The Aga Khan Award for Architecture is part of the Aga Khan Development Network (AKDN). It currently operates 1,000 or so programs and institutions in 30 countries, many of which date back over 60 years (some over 100).
It employs approximately 80,000 people, the majority of whom are based in developing countries.
The AKDN’s annual budget for non-profit development activities is approximately $950 million (USD).
Its economic development arm, the Aga Khan Fund for Economic Development (AKFED), generates annual revenues of $4.3 billion.
All surpluses generated by AKFED’s project companies are reinvested in further development activities, usually in fragile, remote or post-conflict regions.
This year, on August 29, 2019 in Kazan, Russia, the winners of the 2019 Aga Khan Award for Architecture were announced.
The winners, who will share US$ 1 million among them, are:
Revitalization of Muharraq, which highlights the World Heritage site’s pearling history, was first initiated as a series of restoration and reuse projects. The project evolved into a comprehensive program that aimed to re-balance the city’s demographic makeup by creating public spaces, providing community and cultural venues, and improving the overall environment.
Arcadia Education Project, in South Kanarchor, a modular structure – incorporating space for a preschool, a hostel, a nursery and a vocational training centre – that takes a novel approach to a riverine site that is often flooded for five months every year. Rather than disrupting the ecosystem to create a mound for building, the architect devised the solution of an amphibious structure that could sit on the ground or float on the water, depending on seasonal conditions.
Palestinian Museum, in Birzeit, which crowns a terraced hill overlooking the Mediterranean and is the recipient of the LEED Gold certification because of its sustainable construction. The zigzagging forms of the Museum’s architecture and hillside gardens are inspired by the surrounding agricultural terraces, stressing the link with the land and Palestinian heritage.
Public Spaces Development Programme, in the Republic of Tatarstan, a program that, to date, has improved 328 public spaces all over Tatarstan. The ambitious programme sought to counter the trend toward private ownership by refocusing priorities on quality public spaces for the people of Tatarstan. It has now become a model throughout the Russian Federation.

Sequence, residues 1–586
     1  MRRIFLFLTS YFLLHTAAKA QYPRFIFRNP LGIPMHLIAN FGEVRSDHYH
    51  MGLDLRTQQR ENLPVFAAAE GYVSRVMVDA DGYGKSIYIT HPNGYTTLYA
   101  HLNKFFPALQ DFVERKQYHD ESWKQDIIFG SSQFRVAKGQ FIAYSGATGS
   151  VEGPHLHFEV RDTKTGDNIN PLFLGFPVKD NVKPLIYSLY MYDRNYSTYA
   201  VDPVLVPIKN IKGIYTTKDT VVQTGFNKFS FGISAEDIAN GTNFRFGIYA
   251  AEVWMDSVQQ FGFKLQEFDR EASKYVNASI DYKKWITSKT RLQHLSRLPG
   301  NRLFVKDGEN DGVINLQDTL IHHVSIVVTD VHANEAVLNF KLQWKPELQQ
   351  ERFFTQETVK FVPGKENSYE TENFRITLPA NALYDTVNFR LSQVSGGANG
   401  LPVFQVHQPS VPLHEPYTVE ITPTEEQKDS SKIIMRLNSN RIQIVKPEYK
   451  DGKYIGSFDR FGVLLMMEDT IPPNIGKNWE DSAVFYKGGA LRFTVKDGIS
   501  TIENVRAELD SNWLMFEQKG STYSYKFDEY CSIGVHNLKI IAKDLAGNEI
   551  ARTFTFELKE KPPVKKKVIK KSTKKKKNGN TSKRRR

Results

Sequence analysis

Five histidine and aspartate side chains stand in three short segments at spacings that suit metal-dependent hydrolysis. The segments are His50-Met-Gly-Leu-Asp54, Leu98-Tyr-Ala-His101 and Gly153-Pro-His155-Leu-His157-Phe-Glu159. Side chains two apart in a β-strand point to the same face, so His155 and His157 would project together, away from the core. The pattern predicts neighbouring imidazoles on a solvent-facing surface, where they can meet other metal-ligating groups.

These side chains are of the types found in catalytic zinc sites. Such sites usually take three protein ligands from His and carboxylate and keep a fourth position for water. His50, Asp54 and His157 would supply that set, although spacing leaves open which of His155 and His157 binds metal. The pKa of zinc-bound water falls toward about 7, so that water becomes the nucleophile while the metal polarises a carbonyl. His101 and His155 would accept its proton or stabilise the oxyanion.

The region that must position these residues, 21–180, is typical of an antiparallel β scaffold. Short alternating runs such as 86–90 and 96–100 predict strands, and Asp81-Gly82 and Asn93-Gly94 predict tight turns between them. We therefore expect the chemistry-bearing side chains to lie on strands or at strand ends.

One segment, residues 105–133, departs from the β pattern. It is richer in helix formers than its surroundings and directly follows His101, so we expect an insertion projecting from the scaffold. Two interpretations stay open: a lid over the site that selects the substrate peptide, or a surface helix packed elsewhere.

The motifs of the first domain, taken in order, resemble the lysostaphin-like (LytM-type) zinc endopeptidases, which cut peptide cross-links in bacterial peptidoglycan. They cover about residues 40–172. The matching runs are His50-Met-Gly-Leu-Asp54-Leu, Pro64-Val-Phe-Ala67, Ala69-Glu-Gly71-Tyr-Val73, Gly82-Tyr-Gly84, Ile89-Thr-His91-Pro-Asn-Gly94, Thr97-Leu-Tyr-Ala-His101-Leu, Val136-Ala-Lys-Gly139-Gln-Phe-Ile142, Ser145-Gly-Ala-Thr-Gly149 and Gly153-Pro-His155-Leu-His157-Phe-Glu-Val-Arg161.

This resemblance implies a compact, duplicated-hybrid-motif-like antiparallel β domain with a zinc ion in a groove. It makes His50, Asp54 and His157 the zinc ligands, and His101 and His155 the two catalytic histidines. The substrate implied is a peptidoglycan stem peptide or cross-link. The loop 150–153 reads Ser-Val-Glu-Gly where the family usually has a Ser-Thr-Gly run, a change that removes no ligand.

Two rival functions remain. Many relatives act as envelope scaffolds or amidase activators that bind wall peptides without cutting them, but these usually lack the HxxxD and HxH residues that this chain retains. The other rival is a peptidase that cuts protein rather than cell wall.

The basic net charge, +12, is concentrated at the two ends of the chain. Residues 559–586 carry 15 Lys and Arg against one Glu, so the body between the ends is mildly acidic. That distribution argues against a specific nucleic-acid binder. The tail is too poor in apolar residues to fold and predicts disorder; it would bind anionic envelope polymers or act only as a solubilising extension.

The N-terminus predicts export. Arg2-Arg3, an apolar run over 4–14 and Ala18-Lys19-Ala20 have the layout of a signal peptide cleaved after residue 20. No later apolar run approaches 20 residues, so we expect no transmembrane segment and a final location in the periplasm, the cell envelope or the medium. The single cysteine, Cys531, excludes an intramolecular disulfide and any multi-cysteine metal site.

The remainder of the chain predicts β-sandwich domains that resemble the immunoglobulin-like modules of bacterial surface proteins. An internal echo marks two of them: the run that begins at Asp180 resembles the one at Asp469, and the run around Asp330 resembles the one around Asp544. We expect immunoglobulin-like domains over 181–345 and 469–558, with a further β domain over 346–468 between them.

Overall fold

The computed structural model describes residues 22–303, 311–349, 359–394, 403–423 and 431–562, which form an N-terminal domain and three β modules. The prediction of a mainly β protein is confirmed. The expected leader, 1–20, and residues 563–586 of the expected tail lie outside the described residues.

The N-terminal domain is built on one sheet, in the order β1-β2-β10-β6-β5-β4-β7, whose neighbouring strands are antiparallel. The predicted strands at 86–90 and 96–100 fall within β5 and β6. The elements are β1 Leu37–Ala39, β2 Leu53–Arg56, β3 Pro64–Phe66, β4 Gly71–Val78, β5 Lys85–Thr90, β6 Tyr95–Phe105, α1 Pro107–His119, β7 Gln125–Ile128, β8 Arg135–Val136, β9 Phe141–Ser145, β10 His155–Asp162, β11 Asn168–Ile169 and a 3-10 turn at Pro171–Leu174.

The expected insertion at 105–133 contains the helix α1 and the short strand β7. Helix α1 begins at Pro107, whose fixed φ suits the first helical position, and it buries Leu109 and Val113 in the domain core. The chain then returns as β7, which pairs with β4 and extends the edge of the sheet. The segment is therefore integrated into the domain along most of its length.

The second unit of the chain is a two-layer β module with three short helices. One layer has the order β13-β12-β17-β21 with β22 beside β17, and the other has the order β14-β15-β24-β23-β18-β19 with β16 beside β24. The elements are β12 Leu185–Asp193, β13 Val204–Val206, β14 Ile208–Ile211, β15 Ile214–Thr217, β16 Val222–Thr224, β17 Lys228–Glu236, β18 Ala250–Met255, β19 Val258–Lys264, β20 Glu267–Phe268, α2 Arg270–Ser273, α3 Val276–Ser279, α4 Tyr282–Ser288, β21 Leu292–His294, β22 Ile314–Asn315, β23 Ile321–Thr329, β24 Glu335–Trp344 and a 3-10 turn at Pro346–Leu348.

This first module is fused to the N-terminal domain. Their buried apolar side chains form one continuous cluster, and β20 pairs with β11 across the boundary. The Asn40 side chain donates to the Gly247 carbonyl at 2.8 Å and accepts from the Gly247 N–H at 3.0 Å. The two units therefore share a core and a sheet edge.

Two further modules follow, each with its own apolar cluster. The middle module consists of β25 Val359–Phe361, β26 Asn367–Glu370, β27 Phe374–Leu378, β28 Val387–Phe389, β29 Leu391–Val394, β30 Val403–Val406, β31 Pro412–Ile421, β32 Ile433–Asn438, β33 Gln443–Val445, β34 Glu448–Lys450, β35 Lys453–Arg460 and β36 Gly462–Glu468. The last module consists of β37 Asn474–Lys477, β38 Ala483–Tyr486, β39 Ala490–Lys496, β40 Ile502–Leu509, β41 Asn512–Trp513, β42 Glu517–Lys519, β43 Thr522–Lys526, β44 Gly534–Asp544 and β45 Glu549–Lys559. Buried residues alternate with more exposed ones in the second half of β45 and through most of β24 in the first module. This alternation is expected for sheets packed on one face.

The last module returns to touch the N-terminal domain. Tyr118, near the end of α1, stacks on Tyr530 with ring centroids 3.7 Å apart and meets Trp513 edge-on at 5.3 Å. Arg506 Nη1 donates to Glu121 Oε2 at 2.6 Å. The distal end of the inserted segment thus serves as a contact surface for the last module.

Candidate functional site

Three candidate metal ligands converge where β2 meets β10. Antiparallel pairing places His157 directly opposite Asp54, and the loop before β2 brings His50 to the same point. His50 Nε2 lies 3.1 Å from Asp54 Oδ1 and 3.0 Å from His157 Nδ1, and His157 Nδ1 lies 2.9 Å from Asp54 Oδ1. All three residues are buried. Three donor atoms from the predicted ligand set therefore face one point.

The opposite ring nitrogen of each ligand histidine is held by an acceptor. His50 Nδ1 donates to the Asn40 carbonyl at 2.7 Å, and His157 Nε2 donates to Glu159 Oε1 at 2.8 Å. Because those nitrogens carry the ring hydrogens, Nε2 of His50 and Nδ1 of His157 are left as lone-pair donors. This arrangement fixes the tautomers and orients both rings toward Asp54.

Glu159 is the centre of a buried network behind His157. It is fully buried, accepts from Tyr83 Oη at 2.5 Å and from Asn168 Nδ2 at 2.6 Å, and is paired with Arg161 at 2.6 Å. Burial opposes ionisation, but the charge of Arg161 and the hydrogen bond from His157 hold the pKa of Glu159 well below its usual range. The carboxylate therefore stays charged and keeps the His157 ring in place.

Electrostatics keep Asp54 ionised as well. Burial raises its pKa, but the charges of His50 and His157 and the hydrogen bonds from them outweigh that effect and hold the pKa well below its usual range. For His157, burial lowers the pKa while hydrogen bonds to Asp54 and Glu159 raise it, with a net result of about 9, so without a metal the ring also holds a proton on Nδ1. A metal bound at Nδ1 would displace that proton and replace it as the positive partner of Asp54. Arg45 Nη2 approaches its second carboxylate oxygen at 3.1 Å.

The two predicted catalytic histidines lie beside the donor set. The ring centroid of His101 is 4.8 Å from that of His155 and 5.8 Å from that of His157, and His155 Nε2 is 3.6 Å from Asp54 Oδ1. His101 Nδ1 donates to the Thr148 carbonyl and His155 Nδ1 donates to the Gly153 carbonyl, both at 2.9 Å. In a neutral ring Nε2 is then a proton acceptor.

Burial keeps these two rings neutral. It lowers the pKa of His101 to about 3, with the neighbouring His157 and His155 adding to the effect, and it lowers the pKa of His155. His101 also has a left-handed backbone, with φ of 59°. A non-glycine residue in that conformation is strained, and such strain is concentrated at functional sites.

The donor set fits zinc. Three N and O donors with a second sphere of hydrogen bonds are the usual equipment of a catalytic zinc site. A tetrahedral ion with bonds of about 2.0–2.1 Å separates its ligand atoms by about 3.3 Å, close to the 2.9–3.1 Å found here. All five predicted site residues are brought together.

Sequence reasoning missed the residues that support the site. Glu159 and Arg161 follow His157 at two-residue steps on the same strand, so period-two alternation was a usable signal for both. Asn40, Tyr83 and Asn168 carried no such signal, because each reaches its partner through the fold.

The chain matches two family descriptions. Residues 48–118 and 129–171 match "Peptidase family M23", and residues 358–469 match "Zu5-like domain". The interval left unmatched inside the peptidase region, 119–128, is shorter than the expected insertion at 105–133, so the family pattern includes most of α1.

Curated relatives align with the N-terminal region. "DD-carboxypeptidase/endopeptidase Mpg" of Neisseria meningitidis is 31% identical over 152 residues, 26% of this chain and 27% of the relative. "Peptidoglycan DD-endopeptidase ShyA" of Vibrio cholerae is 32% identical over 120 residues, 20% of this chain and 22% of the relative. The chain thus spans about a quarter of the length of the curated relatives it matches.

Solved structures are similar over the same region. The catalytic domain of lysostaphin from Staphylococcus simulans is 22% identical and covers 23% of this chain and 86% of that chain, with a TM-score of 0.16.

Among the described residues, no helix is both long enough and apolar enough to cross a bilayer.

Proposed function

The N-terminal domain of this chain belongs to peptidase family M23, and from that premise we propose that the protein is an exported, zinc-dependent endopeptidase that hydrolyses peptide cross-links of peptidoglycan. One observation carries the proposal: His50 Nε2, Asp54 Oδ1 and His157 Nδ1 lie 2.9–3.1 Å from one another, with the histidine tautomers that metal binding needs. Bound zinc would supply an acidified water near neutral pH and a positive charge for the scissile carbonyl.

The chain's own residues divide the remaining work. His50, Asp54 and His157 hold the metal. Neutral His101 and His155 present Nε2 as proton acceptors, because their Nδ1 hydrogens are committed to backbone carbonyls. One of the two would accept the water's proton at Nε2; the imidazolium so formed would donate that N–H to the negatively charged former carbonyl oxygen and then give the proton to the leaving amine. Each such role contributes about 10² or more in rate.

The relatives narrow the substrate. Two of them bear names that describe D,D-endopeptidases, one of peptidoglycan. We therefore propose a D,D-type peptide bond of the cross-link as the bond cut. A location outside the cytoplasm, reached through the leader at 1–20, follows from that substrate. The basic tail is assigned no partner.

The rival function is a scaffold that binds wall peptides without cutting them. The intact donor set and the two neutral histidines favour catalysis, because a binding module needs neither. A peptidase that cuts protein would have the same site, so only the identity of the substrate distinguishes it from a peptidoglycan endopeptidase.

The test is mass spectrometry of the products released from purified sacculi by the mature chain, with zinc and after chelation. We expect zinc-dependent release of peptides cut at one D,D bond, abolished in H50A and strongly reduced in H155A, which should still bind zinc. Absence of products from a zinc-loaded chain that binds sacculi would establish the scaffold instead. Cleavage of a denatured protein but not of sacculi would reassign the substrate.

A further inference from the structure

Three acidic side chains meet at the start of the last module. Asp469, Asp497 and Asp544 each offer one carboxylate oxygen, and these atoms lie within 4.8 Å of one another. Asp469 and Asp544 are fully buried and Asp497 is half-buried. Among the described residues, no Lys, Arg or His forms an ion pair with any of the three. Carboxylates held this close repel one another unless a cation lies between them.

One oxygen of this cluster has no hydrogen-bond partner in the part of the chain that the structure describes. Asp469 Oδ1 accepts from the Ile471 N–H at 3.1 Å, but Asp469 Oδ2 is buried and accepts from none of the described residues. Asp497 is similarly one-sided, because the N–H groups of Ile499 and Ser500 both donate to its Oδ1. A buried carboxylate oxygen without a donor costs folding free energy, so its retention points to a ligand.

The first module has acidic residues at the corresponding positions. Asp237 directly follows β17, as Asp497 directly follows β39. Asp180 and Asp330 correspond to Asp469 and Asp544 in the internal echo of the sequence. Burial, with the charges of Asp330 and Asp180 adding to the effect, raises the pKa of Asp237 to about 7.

Alioune Diop University Teaching and Research Unit, in Bambey, where a scarcity of resources led to the use of bioclimatic strategies, including a large double roof canopy and latticework that avoids direct solar radiation but allows air to flow through it. By employing locally familiar construction techniques and following sustainability principles, the project succeeded in keeping costs and maintenance demands to a minimum, while still making a bold architectural statement.
United Arab Emirates
Wasit Wetland Centre, in Sharjah, a design that transformed a wasteland into a wetland and functioned as a catalyst for biodiversity and environmental education. While its indigenous ecosystem has been restored, it has also proven to be a popular place for visitors to appreciate and learn about their natural environment.
The Aga Khan Award for Architecture’s mandate is different from that of many other architecture prizes: it not only rewards architects, but also identifies municipalities, builders, clients, master artisans and engineers who have played important roles in the realization of a project.
Prizes have been given to projects across the world, from France to China. Architects and planners from New York to Dhaka have received one of 122 awards. During the nomination process, more than 9,000 building projects have been documented.
The Award was established by His Highness the Aga Khan in 1977 to identify and encourage building concepts that successfully addressed the needs and aspirations of communities in which Muslims have a significant presence.
The Award recognizes examples of architectural excellence in the fields of contemporary design, social housing, community improvement and development, historic preservation, reuse and area conservation, as well as landscape design and improvement of the environment.
Since the Award was launched 42 years ago, 122 projects have received the award and more than 9,000 building projects have been documented.
Featured photo (courtesy of Aga Khan Trust for Culture / Sandro di Carlo Darsa) is the Arcadia Education Project in South Kanarchor, Bangladesh.